Trump’s Self-serving Bias Is an Ethical Question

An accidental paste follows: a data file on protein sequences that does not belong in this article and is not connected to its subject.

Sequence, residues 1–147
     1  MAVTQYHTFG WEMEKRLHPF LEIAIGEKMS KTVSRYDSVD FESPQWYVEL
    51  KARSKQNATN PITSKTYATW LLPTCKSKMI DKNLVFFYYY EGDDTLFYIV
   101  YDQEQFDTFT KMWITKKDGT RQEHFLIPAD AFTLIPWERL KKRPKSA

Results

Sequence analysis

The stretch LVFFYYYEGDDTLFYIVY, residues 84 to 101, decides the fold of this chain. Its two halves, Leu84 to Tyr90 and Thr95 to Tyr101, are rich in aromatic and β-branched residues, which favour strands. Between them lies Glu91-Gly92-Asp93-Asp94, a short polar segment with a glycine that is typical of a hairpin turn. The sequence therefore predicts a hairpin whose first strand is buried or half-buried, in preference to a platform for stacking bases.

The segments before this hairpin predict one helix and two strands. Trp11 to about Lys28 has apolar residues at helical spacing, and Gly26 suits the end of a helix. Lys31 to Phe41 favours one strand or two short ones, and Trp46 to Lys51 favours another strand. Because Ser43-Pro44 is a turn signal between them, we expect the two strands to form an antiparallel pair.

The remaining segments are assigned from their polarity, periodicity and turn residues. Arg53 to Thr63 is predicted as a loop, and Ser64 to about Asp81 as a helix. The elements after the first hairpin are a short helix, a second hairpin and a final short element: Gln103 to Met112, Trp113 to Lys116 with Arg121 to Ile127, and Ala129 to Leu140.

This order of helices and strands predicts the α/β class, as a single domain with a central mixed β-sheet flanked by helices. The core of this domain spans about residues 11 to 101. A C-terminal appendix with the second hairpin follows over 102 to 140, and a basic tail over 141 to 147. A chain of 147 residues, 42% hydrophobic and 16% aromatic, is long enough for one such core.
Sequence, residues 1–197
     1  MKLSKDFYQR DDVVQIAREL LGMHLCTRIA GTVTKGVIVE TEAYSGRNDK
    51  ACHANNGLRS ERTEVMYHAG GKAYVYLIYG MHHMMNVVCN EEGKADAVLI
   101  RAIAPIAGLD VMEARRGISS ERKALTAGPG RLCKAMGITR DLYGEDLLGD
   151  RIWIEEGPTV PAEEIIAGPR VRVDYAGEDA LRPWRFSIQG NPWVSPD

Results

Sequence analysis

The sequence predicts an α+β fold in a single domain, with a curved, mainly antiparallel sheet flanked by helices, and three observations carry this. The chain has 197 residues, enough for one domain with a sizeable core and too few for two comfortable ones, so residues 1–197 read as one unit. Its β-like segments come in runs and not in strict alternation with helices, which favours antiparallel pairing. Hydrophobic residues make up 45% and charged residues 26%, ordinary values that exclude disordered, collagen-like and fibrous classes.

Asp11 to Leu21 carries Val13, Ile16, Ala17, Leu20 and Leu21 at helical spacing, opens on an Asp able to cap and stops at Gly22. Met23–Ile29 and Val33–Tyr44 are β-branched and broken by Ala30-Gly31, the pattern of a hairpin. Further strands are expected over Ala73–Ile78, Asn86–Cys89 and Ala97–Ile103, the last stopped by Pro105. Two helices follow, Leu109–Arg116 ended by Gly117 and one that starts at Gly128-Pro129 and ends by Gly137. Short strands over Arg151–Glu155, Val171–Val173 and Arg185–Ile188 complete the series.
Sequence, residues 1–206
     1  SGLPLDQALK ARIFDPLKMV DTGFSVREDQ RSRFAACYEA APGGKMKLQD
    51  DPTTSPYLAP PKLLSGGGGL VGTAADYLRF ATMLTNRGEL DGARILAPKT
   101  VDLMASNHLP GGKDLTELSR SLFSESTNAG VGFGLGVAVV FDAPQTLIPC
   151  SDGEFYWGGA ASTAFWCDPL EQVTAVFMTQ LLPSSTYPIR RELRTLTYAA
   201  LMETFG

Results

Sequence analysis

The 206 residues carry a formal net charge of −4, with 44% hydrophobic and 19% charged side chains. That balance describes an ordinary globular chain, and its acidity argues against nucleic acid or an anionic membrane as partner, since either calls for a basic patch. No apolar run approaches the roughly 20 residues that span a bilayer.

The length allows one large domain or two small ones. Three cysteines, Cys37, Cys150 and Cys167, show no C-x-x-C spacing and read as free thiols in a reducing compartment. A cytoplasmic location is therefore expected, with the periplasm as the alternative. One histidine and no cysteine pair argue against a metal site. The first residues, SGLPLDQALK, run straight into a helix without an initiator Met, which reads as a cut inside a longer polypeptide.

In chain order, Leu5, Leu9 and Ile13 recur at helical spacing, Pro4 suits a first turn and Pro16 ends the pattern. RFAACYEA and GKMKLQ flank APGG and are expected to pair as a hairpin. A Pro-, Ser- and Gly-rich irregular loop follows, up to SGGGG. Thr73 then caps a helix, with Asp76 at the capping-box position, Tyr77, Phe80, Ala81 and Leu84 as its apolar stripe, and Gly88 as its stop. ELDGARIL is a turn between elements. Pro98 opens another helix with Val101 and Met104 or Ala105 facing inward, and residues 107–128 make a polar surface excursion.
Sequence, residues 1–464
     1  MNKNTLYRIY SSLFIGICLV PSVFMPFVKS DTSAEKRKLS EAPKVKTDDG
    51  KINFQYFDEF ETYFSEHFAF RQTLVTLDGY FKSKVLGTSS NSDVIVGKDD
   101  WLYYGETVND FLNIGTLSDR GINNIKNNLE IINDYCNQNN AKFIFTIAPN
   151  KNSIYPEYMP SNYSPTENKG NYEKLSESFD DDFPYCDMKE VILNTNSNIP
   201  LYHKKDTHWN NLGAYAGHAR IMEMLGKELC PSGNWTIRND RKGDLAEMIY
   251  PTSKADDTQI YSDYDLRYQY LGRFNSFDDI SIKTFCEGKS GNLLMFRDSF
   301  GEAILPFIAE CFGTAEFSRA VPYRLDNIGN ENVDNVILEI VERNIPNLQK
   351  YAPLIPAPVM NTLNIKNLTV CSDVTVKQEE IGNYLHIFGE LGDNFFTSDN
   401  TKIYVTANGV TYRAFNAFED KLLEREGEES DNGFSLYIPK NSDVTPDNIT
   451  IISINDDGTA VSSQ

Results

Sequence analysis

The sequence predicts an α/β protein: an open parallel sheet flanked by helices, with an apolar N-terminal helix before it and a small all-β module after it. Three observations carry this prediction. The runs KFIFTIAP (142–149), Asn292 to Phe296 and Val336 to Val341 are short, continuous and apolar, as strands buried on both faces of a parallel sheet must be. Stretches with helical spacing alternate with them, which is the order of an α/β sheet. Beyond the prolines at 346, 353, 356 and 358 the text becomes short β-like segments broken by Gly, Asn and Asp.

President-elect Donald Trump has spent his adult life creating and operating a vast business empire. Some believe this makes him uniquely qualified to run the country, but it also creates unique problems that should not be underestimated.Recently, the ethics lawyers for both George W. Bush and Barack Obama urged members of the Electoral College not to elect Trump unless he first sells his real estate and business holdings. Their legal argument is based on the Constitution's "Emoluments Clause," which is essentially an anti-bribery provision intended to prevent political officials, like the president, from accepting gifts from foreign governments.What we should be more concerned about is the ethics rather than the legality of it.Virtually every company and governmental unit has conflict-of-interest rules because common sense and vast amounts of psychological evidence prove that conflicts of interest affect people's judgment. Sometimes conflicts cause people to consciously "take the money and run."More worrisome than conscious wrongdoing is the fact that a significant number of studies show that an unconscious self-serving bias often affects the way people gather information, process information and remember information. For that reason, even people with the best intentions often inadvertently misinterpret data and make decisions that favor their own economic and other interests in ways that objective third parties find indefensible.For example, numerous studies indicate that if compensation arrangements are altered so that doctors receive more money for performing a certain procedure than they did before, they will tend to conclude that this procedure is more frequently appropriate for their patients. Similar studies find similar results in every profession that has been studied.  Continue reading...

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